After surviving nine months in prison for peacefully protesting against the results of the 2018 election, Cameroonian opposition leader Maurice Kamto travelled to Canada this week, hoping for support from a Liberal government that has always professed its allegiance to democracy and human rights.
But his hopes took a battering when he learned that Prime Minister Justin Trudeau would instead be lobbying for votes from leaders at the African Union summit in Ethiopia this weekend.
Mr. Trudeau will be seeking votes from 54 African governments – many of which are authoritarian regimes – to boost Canada’s bid for a seat on the United Nations Security Council. And this campaign is likely to encourage Mr. Trudeau to minimize his human-rights concerns, Mr. Kamto believes.
“If you’re campaigning to get votes from a government, it’s obvious that you can’t at the same time challenge such a government,” he told The Globe and Mail in an interview Thursday.
“Honestly, we do have such a concern," said Mr. Kamto, who was released from prison in October. "When you go to somebody to campaign, which means you’re asking for something, the reciprocity could make you less vocal on human rights and democratic issues.”
Cameroon’s government, dominated by President Paul Biya for the past 38 years, has been criticized by human-rights groups for its authoritarian rule and the atrocities allegedly committed by its security forces, including the destruction of entire villages.
Amnesty International, in a report this week, said Cameroon’s military torched more than 50 homes and killed dozens of villagers in January alone. In total, an estimated 3,000 people have been killed and about 700,000 left homeless in the three-year conflict with regional separatists.
The latest reported atrocities are “heartbreaking,” Mr. Kamto said. He is leading an opposition boycott of Cameroon’s parliamentary election on Sunday.
Mr. Kamto had been hoping that Canada, which has provided hundreds of millions of dollars in development aid and cancelled debt to Cameroon since the 1960s, would help tackle the regional conflict by proposing the Canadian federal system as a potential model for Cameroon.
He also wants the Trudeau government to look to the future by meeting Cameroon’s opposition leaders, rather than solely the representatives of a government led by the 86-year-old Mr. Biya.
But on a visit to Ottawa on Friday, Mr. Kamto was able to meet only with an official at Global Affairs, his aides said. This was in contrast to his visit last month to Washington, where he was able to meet a top-ranking official in the U.S. State Department and the head of a Congressional subcommittee on Africa.
On Thursday, as Mr. Trudeau departed on an eight-day visit to Ethiopia, Senegal and Germany, senior government officials insisted that the Prime Minister will not compromise on human-rights issues. But the officials, whose names The Globe is keeping confidential because they were not authorized to speak publicly on the matter, would not disclose whether Mr. Trudeau would meet Cameroonian leaders at the African Union summit. They said most of Mr. Trudeau’s bilateral meetings were still being confirmed.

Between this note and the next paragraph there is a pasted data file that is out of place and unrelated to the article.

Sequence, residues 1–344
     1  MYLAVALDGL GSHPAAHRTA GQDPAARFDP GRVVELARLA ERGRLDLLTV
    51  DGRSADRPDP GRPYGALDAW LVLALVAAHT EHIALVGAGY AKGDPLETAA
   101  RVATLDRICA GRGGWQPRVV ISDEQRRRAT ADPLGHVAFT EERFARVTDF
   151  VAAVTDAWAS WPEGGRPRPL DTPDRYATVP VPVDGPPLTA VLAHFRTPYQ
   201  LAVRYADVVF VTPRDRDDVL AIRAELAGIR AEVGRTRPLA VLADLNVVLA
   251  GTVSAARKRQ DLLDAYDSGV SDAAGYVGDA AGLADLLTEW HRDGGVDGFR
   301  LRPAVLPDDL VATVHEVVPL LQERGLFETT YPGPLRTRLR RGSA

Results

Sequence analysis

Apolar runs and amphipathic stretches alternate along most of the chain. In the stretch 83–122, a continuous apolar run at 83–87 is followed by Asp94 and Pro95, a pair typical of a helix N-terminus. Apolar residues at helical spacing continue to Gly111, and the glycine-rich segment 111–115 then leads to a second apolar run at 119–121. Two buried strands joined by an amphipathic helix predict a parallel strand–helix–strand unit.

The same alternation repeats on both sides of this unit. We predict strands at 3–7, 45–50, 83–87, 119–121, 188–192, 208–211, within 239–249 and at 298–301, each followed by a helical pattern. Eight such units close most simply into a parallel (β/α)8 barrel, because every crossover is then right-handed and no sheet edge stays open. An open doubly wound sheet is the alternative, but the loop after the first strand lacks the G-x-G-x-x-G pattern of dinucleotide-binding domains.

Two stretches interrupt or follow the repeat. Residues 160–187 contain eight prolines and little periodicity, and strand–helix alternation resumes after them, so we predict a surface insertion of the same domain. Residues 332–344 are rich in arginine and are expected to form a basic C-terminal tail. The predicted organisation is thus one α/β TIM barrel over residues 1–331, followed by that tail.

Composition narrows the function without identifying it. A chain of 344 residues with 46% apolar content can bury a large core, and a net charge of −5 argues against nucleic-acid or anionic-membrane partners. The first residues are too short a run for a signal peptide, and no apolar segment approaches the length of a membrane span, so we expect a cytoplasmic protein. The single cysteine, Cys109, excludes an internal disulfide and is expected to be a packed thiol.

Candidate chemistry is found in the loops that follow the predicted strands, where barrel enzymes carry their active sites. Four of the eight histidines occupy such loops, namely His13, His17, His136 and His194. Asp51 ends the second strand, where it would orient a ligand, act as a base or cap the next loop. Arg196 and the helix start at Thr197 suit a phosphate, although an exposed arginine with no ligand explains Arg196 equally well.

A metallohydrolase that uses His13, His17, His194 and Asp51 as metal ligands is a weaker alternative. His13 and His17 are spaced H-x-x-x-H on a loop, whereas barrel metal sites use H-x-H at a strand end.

Mr. Kamto said he is skeptical of the federal assurances on human rights. “If the Cameroonian government gives its support to the Canadian government, I don’t see Canada being vocal on what’s happening in our country,” he said.
“It would be a great pity, because we rely on Canada to help us resolve the crises that we are facing in Cameroon.”
Chris Roberts, a political scientist and Africa specialist at the University of Calgary, said the Trudeau government seems to be “currying favour” with African leaders in the Security Council election campaign by avoiding any mention of “internal affairs” in countries such as Cameroon.
Thomas Kwasi Tieku, an associate professor and Canada-Africa relations expert at King’s University College in London, Ont., said Canada needs to be careful about which countries it appeals to for support in its Security Council bid. He said Canada should be wary about appearing too friendly with countries such as South Sudan, Equatorial Guinea, Togo and Uganda, because of their poor track records on governance, human rights and gender equality.
“It’s better for Canada to seek an Africa-wide consensus through the African Union than working with individual governments,” Prof. Tieku said.
He said Mr. Trudeau is taking the right approach in attending the African Union Summit, as the continent tends to vote along the same lines at the multilateral level. But he said the Prime Minister’s visit is probably too late if he hopes to secure solid support from African countries. Norway made a concerted effort to engage with African countries before Canada and has probably locked down many of the 54 member-state votes, putting Canada in a race for second with Ireland, he said.
There is also strategy in Mr. Trudeau’s visit to Senegal, Prof. Tieku said, since the francophone country has influence among its West African neighbours and other French-speaking countries on the continent.
Mr. Trudeau’s bid for African votes could be boosted by the celebrity power of Toronto Raptors president Masai Ujiri, who joined Mr. Trudeau on the trip to Ethiopia. He grew up in Nigeria and is well known across much of Africa.